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Choral work wins national award

Benjamin Bolden, an associate professor in Queen’s University’s Faculty of Education, has won a national competition for choral music.

[Ben Bolden]
Ben Bolden of the Faculty of Education is the winner of the 2016 Competition for Choral Writing. (Supplied Photo) 

Dr. Bolden’s composition Tread Softly, a setting of The Cloths of Heaven by poet W.B. Yeats, was recently selected by Choral Canada as the winner of 2016 Competition for Choral Writing.

As a result, the Tread Softly will be published by Cypress Choral Music, a co-sponsor of the competition, and be premiered by the 2016 National Youth Choir of Canada during Choral Canada’s Podium biennial choral conference and festival in Edmonton on Friday, May 20.

He also receives the $1,500 Dianne Loomer Award.

“Having the piece performed by the National Youth Choir is an immense privilege,” Dr. Bolden says. “To think that all these superb young musicians will be dedicating their energy, expertise, musicality and spirit to bring my music alive… it is such a gift that the music I imagine, and hope might work, and write down as black marks on a page, can actually see the light of day and become beautiful through their voices.”

Tread Softly is an a cappella choral work which Michael Zaugg, guest conductor for the 2016 National Youth Choir of Canada, says uses “a lush tonal language” to set the words by Yeats.

“The well-structured dynamic and melodic development brings the text to the forefront and engages the performer and listener alike,” Mr. Zaugg adds. “I look forward to presenting these soaring melodies and rich harmonies in concert with the National Youth Choir of Canada.”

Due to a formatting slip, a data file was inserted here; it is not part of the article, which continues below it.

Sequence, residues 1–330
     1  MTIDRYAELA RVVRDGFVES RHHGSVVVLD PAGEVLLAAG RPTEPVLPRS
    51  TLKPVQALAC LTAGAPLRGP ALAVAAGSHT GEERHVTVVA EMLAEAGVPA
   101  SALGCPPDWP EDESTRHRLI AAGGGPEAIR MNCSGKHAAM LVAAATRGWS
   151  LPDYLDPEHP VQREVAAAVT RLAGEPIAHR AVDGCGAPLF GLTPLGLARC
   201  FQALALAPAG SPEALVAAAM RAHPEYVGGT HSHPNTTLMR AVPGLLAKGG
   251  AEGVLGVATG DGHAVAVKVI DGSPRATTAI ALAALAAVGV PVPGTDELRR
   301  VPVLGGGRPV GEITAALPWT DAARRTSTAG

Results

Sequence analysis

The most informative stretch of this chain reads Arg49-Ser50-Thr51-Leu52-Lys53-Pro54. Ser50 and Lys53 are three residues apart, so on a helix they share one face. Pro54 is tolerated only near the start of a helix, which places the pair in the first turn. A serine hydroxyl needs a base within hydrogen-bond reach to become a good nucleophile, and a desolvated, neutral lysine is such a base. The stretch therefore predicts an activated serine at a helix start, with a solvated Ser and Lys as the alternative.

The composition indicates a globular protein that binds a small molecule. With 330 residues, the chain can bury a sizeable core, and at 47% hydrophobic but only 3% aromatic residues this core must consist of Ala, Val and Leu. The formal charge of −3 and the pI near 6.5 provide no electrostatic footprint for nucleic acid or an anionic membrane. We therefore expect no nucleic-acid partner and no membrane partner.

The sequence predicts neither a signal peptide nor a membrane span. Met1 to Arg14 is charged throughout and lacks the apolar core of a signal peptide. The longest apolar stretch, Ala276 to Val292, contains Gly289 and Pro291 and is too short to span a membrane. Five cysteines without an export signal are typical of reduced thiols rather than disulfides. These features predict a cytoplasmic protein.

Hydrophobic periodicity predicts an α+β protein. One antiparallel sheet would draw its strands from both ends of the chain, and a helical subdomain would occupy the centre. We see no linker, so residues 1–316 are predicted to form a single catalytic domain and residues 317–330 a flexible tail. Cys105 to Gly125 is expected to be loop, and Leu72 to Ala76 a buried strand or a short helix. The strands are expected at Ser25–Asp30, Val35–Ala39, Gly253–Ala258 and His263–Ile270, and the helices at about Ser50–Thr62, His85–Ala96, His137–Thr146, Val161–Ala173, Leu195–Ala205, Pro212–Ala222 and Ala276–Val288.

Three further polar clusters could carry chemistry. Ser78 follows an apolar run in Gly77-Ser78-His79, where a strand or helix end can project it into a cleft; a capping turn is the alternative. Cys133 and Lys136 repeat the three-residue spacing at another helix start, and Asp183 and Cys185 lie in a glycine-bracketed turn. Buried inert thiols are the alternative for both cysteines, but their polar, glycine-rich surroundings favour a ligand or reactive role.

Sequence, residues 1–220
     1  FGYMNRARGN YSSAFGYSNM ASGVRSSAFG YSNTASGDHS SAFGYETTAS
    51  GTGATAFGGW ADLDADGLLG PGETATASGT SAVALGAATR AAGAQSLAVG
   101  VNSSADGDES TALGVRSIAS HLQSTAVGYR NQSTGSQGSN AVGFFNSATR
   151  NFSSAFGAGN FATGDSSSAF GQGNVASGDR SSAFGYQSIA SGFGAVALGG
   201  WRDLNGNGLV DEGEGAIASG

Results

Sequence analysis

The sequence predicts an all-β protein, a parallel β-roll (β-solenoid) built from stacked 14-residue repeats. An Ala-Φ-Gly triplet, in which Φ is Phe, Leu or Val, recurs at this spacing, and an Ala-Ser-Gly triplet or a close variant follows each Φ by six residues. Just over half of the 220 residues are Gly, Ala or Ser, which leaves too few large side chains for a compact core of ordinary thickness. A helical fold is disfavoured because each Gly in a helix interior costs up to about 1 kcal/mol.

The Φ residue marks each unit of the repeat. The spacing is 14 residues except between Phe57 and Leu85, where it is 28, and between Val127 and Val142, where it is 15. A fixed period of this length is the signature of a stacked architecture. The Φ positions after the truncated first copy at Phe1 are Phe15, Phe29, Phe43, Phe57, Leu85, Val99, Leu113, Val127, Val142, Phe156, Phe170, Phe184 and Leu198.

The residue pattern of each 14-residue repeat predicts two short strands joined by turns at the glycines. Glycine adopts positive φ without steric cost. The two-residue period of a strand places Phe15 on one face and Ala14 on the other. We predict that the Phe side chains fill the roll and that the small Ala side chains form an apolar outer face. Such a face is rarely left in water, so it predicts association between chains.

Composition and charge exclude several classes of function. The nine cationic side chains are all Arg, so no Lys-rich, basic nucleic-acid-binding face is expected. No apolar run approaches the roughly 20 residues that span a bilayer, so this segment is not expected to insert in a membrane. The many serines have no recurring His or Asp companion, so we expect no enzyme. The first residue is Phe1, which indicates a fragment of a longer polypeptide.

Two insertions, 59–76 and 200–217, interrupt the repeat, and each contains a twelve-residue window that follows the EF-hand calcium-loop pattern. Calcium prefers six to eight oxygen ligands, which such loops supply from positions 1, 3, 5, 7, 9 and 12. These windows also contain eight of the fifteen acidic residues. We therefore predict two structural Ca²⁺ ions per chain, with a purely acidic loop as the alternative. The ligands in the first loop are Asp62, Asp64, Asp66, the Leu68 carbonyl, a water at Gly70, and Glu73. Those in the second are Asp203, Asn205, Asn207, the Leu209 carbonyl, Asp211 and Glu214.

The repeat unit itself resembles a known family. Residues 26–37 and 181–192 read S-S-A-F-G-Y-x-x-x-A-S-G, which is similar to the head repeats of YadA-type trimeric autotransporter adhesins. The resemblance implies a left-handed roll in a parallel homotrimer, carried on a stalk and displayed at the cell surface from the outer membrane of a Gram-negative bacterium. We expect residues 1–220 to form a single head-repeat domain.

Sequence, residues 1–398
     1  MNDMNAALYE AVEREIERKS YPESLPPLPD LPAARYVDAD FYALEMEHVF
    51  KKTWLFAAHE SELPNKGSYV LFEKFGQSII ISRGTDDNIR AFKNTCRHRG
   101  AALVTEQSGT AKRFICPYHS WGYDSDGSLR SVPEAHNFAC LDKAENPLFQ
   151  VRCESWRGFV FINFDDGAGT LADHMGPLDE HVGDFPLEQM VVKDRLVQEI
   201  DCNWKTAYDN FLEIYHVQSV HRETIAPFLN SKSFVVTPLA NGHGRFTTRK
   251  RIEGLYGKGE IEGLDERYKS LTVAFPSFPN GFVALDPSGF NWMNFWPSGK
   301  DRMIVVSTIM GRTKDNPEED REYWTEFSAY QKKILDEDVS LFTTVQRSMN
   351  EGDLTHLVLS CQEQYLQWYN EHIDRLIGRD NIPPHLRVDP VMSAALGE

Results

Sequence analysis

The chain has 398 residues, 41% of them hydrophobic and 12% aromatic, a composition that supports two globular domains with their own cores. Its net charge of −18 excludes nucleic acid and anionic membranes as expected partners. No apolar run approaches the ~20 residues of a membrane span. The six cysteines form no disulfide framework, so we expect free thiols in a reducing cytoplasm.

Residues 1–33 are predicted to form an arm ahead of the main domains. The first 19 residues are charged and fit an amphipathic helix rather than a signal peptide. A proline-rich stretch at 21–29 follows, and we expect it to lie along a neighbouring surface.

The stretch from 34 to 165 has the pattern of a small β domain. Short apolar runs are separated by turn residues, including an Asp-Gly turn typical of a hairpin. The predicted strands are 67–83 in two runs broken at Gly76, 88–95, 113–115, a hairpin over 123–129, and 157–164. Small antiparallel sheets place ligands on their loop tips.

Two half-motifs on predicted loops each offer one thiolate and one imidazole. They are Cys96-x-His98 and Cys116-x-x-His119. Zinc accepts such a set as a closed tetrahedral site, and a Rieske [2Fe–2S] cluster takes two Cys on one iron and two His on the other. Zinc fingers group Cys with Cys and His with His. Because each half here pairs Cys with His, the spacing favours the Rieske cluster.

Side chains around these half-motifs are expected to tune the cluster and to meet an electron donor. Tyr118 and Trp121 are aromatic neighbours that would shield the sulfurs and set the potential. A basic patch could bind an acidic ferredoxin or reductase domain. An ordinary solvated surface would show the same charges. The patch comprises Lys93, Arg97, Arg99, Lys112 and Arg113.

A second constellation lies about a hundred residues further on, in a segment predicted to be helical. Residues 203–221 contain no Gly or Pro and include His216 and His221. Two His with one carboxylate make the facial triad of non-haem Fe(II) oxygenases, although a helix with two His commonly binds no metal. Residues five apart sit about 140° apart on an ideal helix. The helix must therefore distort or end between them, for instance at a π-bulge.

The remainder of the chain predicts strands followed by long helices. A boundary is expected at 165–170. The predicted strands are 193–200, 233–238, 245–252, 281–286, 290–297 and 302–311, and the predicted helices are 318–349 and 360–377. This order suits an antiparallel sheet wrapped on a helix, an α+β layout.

Dr. Bolden says he was inspired to compose the piece by a TED talk by Sir Ken Robinson, an internationally-recognized expert on education in the arts, where he spoke about the importance of educating children in a way that allows them to be who they need to be, and of honouring their dreams.

“He closed the talk by reading the poem ‘The Cloths of Heaven’ by William Butler Yeats,” he says. “He was using the poem to remind policy makers, educators, and parents that, every day and everywhere, children lay their dreams at our feet. We need to tread softly.”

Dr. Bolden’s research interests include the learning and teaching of composing, creativity, community music, arts-based research, Web 2.0 technologies in education, teacher knowledge, and teachers’ professional learning. He is an associate composer of the Canadian Music Centre and his compositions have been performed by a variety of professional and amateur performing ensembles.

Founded in 1980, Choral Canada is the national voice of the Canadian choral community, representing and uniting a network of conductors, educators, composers, administrators, choral industry leaders, and more than 42,000 choral singers. 

Examining the 'multiplicity of history'